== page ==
Friday, 31 December 2010
If you're ever looking for quotes to illustrate just how derranged the anti-smokers are, it's a good place to start.
Thursday, 30 December 2010
If so, what would be good petition demands to make? It is wise to use a little planning, in order to co-ordinate action.
First up; the festering sore that is our continuing membership of the hated Brussels Federasty. My preference is to leave straight away, but I guess forcing a referendum is slightly more likely. Thus:
We demand a binding in/out referendum on Britain's continuing membership of the EU.
What next? Isn't that enough? My God, it would be momentous, and it's probably better to train our fire on one spot, especially one so exposed as this. There are plenty of jokey petitions I'd be willing to sign. There's bound to be one on the death penalty, which I won't, based on the belief that the state can't be trusted with such power, and they'd execute the ones I'd rather let off, and let off the ones I'd rather execute, besides the fact that it's not at all likely to achieve anything. The same could be said of the demand for a referendum on our continuing membership of the hated Brussels Federasty, but it's a worthy fight, and something to unite behind. On top of this, it is something that will have some support within Parliament. It is up to us to force this on to the political agenda and keep it there.
But let me give you another example of how ’seriously’ the euro-elite take the protection of children. You may remember the Marc Dutroux case in Belgium. It could be called the most horrific example of child rape and murder in Europe since the war.
Known as the beast of Belgium, Dutroux is now serving a life sentence for a series of child kidnappings, rapes and murders in 1995-96. He kept some of his victims locked in a dungeon he had built in his basement. Two eight-year-old girls starved to death there after Dutroux was arrested and served a short prison sentence for car theft: his wife didn’t bother to open the dungeon door to feed the girls.
Part of the great mystery and scandal that accompanied the case was the relentless incompetence of the authorities, at that time led by the Justice Minister, Melchior Wathelet. For years, as victims were kidnapped and murdered, police files were full of reports and tip-offs that Dutroux was selling young girls. Yet Dutroux stayed free. In the end Mr Wathelet was forced to resign in disgrace. And his reward for incompetence in the administration of Justice was - to be appointed a judge at the European Court of Justice.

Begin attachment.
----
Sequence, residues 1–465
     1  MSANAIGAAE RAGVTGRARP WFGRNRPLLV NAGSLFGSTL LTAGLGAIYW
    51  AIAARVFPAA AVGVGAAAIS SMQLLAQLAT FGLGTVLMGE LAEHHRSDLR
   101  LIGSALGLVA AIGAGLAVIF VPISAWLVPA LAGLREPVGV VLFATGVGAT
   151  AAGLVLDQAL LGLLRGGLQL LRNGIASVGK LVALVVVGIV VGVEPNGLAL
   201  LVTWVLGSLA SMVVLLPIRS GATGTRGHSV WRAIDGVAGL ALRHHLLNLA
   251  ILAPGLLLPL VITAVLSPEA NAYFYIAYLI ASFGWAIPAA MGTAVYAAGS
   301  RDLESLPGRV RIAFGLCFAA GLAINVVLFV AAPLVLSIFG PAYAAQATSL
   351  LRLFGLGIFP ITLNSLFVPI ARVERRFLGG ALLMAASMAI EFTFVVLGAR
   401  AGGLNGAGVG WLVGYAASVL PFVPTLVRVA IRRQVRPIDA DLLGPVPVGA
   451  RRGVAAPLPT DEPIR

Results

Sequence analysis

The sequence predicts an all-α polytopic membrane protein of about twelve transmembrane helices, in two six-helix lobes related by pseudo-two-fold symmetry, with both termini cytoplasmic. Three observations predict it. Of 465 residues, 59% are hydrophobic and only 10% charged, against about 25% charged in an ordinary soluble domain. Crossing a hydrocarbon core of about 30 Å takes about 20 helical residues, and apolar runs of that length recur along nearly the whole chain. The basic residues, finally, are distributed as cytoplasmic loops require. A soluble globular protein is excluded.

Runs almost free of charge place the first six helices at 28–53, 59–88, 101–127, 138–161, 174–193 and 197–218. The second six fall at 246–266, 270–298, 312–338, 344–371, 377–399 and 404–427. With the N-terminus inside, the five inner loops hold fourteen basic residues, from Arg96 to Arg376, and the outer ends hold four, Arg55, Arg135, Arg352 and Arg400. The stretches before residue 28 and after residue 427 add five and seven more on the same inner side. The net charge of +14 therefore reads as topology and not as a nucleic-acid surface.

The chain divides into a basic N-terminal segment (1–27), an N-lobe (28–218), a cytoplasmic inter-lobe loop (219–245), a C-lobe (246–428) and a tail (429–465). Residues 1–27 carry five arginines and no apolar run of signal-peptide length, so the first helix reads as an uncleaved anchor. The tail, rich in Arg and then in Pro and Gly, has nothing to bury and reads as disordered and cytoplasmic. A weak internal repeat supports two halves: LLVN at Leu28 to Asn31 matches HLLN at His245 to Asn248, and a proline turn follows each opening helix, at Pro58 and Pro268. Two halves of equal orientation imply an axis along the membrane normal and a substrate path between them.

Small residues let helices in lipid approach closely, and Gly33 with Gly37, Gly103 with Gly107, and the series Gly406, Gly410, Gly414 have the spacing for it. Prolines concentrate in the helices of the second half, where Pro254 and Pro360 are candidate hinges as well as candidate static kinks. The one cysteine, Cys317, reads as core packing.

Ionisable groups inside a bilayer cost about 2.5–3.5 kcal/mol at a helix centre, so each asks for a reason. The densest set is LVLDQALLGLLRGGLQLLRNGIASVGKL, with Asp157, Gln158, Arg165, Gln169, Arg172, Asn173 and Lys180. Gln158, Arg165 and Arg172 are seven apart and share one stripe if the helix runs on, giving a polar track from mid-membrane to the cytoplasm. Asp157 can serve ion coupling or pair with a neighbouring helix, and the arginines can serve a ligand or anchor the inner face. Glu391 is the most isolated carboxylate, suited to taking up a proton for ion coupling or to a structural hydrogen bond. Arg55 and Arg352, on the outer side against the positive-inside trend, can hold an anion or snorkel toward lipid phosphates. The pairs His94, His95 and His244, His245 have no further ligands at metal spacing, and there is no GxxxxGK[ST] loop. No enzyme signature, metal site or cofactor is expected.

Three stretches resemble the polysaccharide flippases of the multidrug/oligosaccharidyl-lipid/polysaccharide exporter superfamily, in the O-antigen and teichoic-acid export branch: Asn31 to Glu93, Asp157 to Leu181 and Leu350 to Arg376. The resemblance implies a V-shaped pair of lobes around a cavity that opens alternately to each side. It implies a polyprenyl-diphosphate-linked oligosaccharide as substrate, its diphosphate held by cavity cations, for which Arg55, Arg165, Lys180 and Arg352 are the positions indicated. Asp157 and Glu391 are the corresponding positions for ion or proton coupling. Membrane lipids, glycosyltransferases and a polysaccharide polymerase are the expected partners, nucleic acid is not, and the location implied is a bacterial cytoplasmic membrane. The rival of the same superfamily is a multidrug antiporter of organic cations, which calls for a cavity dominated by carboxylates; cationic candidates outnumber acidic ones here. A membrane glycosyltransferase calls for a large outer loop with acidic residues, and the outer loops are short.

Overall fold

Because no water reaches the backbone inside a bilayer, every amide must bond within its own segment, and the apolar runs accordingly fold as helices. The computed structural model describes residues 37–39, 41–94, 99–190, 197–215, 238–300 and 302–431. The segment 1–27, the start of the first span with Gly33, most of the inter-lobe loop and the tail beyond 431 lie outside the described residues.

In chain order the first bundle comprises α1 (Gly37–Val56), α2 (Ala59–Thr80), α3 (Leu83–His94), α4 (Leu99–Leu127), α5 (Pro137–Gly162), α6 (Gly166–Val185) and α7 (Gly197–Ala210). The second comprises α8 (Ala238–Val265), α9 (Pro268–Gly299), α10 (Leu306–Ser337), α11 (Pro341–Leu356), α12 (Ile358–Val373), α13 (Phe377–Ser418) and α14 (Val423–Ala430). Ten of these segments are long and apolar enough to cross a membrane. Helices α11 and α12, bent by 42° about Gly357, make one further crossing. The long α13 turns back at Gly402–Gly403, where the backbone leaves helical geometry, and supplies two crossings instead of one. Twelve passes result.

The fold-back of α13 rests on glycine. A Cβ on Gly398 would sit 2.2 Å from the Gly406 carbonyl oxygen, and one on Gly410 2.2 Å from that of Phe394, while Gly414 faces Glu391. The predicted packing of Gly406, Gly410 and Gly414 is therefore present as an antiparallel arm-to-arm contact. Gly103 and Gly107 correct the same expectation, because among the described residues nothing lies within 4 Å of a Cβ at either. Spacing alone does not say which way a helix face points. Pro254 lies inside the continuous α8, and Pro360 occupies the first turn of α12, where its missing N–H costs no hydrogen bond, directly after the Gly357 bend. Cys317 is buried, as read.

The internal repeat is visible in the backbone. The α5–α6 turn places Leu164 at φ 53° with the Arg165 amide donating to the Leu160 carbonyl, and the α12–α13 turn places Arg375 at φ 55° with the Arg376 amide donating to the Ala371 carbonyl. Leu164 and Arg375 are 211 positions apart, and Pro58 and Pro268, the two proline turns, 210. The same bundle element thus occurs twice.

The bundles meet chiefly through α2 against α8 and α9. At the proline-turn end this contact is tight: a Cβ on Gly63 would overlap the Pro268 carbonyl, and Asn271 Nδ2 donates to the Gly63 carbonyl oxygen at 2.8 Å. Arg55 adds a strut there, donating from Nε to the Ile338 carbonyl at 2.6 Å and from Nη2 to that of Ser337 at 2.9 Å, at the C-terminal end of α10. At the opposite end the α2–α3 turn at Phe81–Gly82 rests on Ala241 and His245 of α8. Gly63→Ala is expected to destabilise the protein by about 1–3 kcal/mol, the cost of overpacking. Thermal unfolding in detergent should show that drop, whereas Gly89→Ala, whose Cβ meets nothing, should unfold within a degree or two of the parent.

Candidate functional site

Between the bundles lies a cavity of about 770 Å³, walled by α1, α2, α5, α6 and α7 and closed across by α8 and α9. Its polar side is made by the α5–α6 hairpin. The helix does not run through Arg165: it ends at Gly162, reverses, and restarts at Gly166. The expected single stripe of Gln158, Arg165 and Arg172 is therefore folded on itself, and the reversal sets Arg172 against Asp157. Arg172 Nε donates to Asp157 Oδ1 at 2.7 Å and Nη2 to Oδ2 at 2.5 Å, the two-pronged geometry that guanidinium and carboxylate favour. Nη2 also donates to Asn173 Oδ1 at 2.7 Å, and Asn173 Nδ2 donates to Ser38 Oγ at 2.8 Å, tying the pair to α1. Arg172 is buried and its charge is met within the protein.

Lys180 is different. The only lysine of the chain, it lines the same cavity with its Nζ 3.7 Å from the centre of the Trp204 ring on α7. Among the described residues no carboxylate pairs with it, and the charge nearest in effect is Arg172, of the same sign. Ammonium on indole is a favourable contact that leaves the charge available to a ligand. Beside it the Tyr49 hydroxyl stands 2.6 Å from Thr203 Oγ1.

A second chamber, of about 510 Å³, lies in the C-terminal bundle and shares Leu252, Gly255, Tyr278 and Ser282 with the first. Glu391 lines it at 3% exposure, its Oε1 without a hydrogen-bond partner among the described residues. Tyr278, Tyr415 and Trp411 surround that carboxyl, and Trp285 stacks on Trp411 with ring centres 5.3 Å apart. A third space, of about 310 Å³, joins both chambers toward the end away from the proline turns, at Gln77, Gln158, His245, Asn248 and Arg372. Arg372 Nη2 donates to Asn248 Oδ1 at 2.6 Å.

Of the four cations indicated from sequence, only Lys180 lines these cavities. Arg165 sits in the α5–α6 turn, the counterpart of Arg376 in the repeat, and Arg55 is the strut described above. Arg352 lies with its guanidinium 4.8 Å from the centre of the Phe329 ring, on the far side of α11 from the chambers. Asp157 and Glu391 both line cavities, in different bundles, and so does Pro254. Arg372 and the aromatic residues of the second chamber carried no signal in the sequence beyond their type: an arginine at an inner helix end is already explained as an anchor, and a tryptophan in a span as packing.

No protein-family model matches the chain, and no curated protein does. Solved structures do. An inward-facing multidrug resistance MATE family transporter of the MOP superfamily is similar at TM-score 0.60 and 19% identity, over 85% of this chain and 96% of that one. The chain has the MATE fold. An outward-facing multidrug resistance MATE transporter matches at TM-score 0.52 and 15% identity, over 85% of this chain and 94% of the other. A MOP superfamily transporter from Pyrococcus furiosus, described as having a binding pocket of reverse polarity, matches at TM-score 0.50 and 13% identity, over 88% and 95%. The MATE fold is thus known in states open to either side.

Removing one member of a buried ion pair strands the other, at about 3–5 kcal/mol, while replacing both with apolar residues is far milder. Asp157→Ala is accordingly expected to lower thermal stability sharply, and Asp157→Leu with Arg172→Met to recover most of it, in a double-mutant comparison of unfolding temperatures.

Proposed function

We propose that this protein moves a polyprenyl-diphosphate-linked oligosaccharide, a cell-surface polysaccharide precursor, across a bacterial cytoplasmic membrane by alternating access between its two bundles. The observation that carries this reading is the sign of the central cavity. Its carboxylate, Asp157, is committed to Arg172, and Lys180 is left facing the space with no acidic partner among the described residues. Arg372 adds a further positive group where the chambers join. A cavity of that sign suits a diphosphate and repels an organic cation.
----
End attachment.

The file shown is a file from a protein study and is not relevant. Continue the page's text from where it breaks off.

Wednesday, 29 December 2010
Remember; they don't own your body. Do not allow them to bully you or pressurise you to take their filthy vaccine. Also remember, if you miscarry they will choose not to believe that it is linked to the vaccine, even if it happens within hours of the vaccination.
Instead of listening to that doctor with his targets and bonus payments, read some of these experiences.
This recent flare-up is over the Pope's comments on the child abuse scandal, which I would say have been willfully twisted to claim he has excused and justified such crimes, which he has not. What you could say is that he has sought to spread the blame wider than the Church, onto society as a whole and the amoral, decadent zeitgeist which pervades the culture, and this seems a little clumsy, in the circumstances.
Anyway, to further enrage the Dawkinites, here's a lovely hymn from the Choir of St. John's Catholic Chapel at the University of Illinois - 'Lord of All Hopefulness':
'Tax Freedom Day' has lurched forward to May 30th this year. That is five whole months when you will work as a serf to the State your overlord and receive no reward for your labours.Yes indeed.
This is undeniable evidence that the State is still growing. The Cameronian Conservative party has failed to check public spending, every morning another special interest group from the public sector is on the BBC predicting disaster for the country if they are not allowed to carry on sucking at the teat of the state. Cameron and 'fair and greener' Clegg are indulging in 'bread and circuses' politics whilst watching the State expand like a cancer.
Tuesday, 28 December 2010